It was a glorious day. In fact, it was so glorious that I couldn't help but wonder whether I'd accidentally gate-crashed a film set. The warm spring sun was shining, the flower arrangements were delicately fitting. And my friend simply looked stunning. In her wedding gown. She seemed so happy. And I was so happy for her.
Just before the ceremony was about to start, I lined up with my friends at the bar to get some bubbly. I started chatting to another guest. We talked about how we got to know the bride, and how beautiful the venue was. Then suddenly she asked: "So where did you get married?"
I said: "I'm not married."
You know that split second when someone hesitates in responding to something you said? As if you just told them you kill kittens for a living? Yeah, that. She gave me that.
And then she just went: "Oh." And wandered off.
And I was left standing there, prosecco in hand, stunned.
Then I realized I had a problem. A huge problem. I'm in my mid-30s. But I'm not married. And I don't have kids. So far I haven't felt so bad about that... But maybe I was wrong.
I realize I should probably sound more apologetic when I tell people I'm not married. Perhaps I should try a bit harder to make those around me less embarrassed when they meet me. I'm a disgrace. I'm a single lady. I was about to get drunk on lots of prosecco. I'm always the wedding guest -- not the bride. And I don't even own a cat.
What is the world to do with me? What shall I do with myself?
At the time, I just shrugged and went back over to my friends. I told them about the "oh" incident, and we laughed about it.
But the next day, with the wedding over and the world appearing without that romantic filter again, I got angry. Because that "oh" wasn't just the careless "oh" of some thoughtless person. No. It was a little more. It was not the first time I -- or some of my girlfriends -- had come across that "oh." We've all heard it plenty of times. That slightly muted expression of pity, of concern: She's not married? What is wrong with her?
Let's see. I'm happy. Some days more than others. But I'm generally happy. Never before in my life have I so truthfully felt that way. What a gift. Also: I'm healthy. And I feel loved. My family is there for me. Always. I have good friends who would do anything for me, as I would for them.
I like my job. I enjoy what I do every day. Some days more than others. And I meet men. I go on dates. I enjoy this. Some days more than others. I'm in sync with my age. I'm grateful for all the experiences I've had -- good and bad. I feel like a stronger woman because of them. Dare I say it? There's probably nothing seriously wrong with me.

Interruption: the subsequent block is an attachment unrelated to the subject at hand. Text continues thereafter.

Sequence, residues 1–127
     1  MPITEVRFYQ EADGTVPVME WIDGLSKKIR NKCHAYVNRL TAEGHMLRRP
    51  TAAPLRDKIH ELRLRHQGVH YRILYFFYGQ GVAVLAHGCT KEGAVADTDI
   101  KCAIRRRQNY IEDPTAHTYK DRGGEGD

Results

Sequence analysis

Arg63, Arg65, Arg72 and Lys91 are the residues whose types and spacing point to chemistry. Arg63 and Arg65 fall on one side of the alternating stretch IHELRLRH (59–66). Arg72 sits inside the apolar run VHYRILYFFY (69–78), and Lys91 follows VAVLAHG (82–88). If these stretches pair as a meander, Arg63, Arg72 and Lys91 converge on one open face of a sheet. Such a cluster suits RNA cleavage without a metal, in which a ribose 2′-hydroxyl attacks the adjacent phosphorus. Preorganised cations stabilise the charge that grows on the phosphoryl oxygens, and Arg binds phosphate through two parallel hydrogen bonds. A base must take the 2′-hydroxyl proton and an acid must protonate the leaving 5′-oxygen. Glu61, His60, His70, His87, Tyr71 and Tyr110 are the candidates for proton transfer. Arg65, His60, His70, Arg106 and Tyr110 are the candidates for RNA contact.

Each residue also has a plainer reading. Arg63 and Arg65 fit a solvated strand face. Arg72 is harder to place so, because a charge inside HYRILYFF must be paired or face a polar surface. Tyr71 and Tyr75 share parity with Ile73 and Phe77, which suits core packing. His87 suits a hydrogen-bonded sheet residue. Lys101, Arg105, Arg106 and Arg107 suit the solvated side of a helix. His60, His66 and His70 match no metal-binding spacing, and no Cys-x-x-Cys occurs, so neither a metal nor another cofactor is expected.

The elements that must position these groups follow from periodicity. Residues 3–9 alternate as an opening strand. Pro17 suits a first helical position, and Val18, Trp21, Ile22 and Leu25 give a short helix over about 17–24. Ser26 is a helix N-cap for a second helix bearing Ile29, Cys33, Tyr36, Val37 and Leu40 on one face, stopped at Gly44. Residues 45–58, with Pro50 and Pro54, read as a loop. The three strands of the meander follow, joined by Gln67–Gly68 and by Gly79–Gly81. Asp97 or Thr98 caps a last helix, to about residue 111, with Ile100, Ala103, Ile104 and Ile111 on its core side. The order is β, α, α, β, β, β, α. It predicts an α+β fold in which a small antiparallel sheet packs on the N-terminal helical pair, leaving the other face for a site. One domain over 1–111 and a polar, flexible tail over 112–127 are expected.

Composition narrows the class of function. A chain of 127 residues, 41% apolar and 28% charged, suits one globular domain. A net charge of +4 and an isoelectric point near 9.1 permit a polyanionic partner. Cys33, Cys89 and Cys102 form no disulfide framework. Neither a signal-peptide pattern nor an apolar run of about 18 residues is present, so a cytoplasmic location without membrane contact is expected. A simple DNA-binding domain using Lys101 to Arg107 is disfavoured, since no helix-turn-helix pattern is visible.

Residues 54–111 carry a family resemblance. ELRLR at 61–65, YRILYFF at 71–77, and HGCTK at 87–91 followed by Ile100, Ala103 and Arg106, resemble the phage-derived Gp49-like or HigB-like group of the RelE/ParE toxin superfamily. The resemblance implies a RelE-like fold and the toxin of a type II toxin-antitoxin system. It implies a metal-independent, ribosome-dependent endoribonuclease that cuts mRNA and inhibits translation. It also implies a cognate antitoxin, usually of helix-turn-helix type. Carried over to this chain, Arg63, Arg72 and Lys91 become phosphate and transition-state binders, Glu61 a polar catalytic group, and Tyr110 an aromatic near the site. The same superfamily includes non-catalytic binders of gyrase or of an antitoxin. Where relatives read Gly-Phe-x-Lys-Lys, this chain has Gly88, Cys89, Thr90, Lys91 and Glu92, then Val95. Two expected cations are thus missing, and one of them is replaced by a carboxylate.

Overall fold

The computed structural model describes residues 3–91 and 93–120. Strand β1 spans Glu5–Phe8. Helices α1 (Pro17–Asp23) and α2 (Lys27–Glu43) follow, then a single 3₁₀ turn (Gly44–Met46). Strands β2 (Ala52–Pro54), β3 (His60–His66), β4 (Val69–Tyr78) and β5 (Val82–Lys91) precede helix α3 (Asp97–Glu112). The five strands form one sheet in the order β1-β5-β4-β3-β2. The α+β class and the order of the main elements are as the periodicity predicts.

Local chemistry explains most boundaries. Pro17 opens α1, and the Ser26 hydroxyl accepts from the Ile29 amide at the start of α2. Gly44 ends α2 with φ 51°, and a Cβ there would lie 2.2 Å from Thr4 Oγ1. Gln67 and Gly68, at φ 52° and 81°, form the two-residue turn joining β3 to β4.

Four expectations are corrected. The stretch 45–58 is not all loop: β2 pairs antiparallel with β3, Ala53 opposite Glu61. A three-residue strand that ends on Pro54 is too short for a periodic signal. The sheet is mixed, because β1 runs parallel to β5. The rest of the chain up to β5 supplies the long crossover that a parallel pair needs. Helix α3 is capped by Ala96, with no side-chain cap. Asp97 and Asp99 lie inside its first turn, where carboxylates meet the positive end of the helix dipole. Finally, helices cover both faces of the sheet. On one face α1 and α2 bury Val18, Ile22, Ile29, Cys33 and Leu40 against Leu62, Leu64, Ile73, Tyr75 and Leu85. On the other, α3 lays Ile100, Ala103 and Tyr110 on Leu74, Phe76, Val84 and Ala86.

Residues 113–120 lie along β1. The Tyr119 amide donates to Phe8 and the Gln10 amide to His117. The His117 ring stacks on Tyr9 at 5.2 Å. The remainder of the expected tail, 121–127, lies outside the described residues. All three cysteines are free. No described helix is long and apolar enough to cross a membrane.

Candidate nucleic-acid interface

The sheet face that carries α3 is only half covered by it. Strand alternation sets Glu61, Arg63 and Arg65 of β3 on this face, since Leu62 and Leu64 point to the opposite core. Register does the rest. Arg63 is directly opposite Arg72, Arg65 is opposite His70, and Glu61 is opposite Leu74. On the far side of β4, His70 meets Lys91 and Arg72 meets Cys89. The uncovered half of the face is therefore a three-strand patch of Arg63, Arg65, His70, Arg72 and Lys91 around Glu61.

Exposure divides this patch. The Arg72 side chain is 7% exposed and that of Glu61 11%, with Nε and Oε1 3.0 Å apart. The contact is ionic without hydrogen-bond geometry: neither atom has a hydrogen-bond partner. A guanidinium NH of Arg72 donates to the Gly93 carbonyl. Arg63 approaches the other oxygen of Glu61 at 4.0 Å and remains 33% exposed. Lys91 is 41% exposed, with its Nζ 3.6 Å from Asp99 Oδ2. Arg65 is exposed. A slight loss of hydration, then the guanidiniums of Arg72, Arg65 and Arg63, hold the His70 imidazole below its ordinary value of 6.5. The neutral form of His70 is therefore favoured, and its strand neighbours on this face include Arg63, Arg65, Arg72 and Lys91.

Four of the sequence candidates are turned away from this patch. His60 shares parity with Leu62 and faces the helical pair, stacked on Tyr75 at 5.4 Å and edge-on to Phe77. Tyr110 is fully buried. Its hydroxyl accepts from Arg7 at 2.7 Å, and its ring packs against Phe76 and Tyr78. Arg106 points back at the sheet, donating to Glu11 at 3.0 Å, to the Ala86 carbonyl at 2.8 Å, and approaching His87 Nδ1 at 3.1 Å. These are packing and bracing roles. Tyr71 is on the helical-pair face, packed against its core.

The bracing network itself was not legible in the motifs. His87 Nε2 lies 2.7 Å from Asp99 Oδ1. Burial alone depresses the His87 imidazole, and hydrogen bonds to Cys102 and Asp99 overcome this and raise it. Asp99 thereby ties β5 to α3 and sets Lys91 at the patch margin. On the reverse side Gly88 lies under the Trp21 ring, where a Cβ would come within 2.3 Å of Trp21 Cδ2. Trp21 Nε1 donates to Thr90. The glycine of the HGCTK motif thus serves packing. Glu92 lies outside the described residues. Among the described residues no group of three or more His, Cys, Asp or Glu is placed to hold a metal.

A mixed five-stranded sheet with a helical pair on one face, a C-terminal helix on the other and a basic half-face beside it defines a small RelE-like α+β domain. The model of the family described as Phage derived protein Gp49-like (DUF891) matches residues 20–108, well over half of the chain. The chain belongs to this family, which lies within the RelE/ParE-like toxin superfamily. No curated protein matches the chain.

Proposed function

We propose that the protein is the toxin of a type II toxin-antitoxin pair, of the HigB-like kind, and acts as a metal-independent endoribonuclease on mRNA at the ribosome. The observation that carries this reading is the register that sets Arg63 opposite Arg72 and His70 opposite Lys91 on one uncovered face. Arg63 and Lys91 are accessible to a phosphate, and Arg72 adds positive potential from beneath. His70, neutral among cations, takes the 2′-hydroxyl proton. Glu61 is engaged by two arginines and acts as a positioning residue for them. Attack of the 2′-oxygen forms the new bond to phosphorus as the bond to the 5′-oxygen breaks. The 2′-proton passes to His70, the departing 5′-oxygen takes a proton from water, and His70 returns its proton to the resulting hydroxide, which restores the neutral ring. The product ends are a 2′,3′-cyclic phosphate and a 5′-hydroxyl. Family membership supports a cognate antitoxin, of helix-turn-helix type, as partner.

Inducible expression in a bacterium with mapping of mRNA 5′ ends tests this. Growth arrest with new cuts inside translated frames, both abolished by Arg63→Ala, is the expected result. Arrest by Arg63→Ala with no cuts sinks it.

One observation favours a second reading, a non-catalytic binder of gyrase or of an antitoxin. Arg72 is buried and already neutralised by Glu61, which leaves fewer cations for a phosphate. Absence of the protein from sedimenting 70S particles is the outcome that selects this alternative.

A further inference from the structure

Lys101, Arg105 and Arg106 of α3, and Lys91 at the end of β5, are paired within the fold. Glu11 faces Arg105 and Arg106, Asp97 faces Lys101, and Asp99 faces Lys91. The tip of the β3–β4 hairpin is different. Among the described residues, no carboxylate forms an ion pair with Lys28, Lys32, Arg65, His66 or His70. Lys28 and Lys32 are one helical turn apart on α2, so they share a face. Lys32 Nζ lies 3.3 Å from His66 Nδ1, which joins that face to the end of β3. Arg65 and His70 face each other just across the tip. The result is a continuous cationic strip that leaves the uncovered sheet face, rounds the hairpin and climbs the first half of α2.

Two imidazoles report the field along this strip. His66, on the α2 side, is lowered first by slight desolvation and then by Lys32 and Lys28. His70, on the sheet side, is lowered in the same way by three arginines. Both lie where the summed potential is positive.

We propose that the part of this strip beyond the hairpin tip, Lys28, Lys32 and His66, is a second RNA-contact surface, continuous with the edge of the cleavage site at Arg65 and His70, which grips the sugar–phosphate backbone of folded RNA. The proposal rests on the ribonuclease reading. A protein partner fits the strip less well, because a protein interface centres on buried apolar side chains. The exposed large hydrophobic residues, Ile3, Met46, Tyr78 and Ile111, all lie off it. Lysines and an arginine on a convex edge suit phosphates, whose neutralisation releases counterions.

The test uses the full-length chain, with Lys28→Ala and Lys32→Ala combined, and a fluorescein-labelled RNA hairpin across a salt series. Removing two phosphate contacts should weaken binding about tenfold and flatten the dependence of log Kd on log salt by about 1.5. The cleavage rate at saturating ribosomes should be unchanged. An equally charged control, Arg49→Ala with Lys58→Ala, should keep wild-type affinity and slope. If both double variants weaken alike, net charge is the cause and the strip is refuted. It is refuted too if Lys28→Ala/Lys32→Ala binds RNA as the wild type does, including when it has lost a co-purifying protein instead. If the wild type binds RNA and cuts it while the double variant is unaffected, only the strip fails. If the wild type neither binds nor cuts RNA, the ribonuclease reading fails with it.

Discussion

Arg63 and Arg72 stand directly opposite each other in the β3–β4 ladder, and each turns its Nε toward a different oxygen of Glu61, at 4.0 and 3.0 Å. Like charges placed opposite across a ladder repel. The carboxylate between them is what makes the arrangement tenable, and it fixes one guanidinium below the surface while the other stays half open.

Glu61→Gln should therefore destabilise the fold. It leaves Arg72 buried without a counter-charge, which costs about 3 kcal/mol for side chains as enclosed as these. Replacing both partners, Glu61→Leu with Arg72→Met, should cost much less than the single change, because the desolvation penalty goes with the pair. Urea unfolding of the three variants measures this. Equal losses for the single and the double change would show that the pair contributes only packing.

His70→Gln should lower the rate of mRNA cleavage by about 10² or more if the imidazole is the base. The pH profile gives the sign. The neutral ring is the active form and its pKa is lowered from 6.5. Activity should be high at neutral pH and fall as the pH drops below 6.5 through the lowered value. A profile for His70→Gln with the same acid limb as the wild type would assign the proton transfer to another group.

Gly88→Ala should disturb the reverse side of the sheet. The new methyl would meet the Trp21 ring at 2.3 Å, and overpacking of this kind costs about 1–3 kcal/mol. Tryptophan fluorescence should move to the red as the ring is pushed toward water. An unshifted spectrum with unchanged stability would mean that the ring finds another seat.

But thinking this through, I'm realizing I might actually have a problem after all -- albeit a different one than people think.
I do in fact have a problem with people assuming that there is something wrong with me. Because these are mostly people who blatantly do not live up to their own standards.
Many of us like to see ourselves as very liberal people.
We accept sexual relationships before marriage; we admire independent and successful women. We know that you can have kids well beyond the age of 40. We fought for same-sex marriage.
We know that monogamous relationships are not the be-all and end-all of a life filled with love. We know that "forever and ever" should maybe not be taken too literally in a country that has high divorce rates.
We are accepting -- and in fact, encouraging -- of so many different lifestyles, like never before. Which is great. Would anyone wish to live in another decade? Didn't think so.
Yet we still have a problem with unmarried women. Because a society in which an unmarried woman in her 30s seems worthy of an astonished "oh" suddenly doesn't seem so liberal after all. Which makes me wonder how liberal we really are towards all these different lifestyles.
When that wedding guest gave me that pitiful look, I could almost sense her scanning me for some fault. What's wrong with her, she seemed to be checking.
Nothing's wrong with us single ladies. We are fabulous -- that much Sex and the City has taught us. And being fabulous has nothing to do with being in a relationship or not.
A relationship, a marriage even, is not the ne plus ultra of all lifestyles. On the contrary: I've never been as unhappy as I've been in an unhappy relationship. Loneliness in pairs is the worst kind of loneliness.
Mid-30s, female, single. I'll tell you what I'm really missing. What I'm really missing is a society that stops telling me what I lack in happiness. This, it seems to me, is the true problem.